Americans of a certain age will recall Douglas MacArthur’s pithy aphorism: “There is no substitute for victory.” The remark captures an essential element of our military tradition. When the United States goes to war, it fights to win, to force the enemy to do our will. To sacrifice our soldiers’ lives for anything less – as MacArthur charged was the case in Korea and later unambiguously became the case in Vietnam – smacks of being somehow un-American.
But among the various official statements being issued to explain events in Iraq, any mention of military victory has become notable by its absence. Tacitly – unnoticed even by the war’s critics – the Bush administration has all but given up any expectation of defeating the enemy with whom we are engaged.
In the early days of the insurgency, Lt. Gen. Ricardo Sanchez vowed to use “whatever combat power is necessary to win,” displaying all the pugnacity of a George Patton or Stormin’ Norman Schwarzkopf. “That’s what America expects of me,” declared Sanchez in December 2003, “and that’s what I’m going to accomplish.” Senior commanders no longer make such bold promises. Nor do senior civilian officials in Washington.
Indeed, today the Bush administration’s aim is not to win but to relieve itself of responsibility for waging a war that it began but cannot finish. Debate in national security circles focuses not on deploying war-winning technologies or fielding innovative tactics that might turn the tide, but on how we can extricate ourselves before our overstretched forces suffer irreparable damage.
Optimists are placing their hopes on a crash program to create a new Iraqi security force that just might permit us in a year or so to begin reducing the size of our garrison. Pessimists have their doubts. But virtually no one is predicting we will be even remotely close to crushing the insurgency. The decisive victory promised by the war’s advocates back in March 2003 – remember all the talk of “shock and awe”? – has now slipped beyond our grasp.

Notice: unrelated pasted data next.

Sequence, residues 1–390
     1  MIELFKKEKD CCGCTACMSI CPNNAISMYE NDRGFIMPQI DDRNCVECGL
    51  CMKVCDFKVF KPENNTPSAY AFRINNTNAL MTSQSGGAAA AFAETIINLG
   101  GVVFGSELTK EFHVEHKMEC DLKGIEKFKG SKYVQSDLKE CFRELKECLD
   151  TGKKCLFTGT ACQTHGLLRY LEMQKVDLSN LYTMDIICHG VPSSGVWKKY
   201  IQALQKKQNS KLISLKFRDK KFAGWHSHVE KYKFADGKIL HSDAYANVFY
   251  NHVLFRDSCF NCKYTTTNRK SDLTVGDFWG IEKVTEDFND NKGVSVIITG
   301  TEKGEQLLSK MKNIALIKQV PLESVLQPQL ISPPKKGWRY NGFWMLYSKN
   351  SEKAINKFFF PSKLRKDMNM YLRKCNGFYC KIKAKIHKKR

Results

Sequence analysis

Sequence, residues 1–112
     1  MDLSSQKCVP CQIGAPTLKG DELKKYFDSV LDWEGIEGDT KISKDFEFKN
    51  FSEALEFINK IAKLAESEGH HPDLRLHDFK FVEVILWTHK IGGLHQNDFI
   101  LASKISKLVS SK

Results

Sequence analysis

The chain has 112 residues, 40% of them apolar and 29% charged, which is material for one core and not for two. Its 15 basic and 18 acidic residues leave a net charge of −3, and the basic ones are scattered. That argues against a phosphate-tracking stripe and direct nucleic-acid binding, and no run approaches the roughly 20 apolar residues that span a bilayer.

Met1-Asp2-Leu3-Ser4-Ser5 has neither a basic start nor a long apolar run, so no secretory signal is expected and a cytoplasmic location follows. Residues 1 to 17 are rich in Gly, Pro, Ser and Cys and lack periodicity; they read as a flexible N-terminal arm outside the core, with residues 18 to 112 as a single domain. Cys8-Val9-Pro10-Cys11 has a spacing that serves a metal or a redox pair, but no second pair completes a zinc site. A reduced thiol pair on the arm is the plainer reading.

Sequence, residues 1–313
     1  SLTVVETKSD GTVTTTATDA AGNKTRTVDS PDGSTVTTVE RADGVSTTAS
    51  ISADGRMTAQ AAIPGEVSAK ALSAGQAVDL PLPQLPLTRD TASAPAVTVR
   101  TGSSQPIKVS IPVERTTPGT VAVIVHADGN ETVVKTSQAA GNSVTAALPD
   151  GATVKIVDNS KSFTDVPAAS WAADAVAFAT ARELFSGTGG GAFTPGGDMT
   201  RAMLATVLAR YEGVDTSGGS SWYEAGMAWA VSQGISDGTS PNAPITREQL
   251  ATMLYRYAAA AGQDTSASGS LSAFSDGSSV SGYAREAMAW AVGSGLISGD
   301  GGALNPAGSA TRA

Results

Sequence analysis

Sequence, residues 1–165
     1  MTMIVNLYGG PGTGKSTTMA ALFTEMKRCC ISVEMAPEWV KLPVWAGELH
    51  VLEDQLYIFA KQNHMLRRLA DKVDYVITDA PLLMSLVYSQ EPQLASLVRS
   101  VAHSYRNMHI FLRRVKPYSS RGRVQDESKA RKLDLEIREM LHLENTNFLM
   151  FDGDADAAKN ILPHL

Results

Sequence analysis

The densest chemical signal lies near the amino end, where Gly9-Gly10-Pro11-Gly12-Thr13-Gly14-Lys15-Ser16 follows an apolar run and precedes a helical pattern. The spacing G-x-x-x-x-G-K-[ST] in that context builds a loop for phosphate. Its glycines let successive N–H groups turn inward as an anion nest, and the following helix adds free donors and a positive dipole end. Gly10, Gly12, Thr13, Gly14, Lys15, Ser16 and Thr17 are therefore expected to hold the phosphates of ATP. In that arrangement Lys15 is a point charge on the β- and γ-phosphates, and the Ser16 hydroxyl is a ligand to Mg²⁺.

Of course, following the heady assault on Baghdad, the conflict took an unexpected turn – precisely as wars throughout history have tended to do. As a consequence, today a low-tech enemy force estimated at about 10,000 fighters has stymied the mightiest military establishment the world has ever seen. To be sure, the adversary cannot defeat us militarily. But neither can we defeat it. In short, U.S. troops today are no longer fighting to win, but simply to buy time: This has become the Bush administration’s substitute for victory. Worse, in a war such as in Iraq, time is more likely to work in the other guy’s favor.
Whether this reality has yet to fully sink in with the majority of the American people is unclear. No doubt President Bush hopes the citizenry will continue to snooze. Better to talk about Social Security reform and banning gay marriage than to call attention to the unhappy fact that we are spending several billion dollars per month and losing, on average, two soldiers per day – not to prevail but simply to prolong the stalemate. Moreover, if the administration gets its way, we can expect that expenditure of blood and treasure to continue for many months, until there emerges an Iraqi government able to fend for itself or Iraq descends into chaos.
Pending the final judgment of President Bush’s war, this much we can say for sure: Two years after the dash on Baghdad seemingly affirmed the invincibility of the U.S. armed forces, the actual limits of American power now lay exposed for all to see. Our adversaries, real and potential, are no doubt busy contemplating the implications of those limits.
So too must we. Our effort to do so should begin with the admission that the idea, promoted during the heady spring of 2003, that through the aggressive use of military power the United States might transform the Islamic world and cement U.S. global preeminence was a dangerous delusion. It remains a delusion today.
(Oxford University Press, 2005).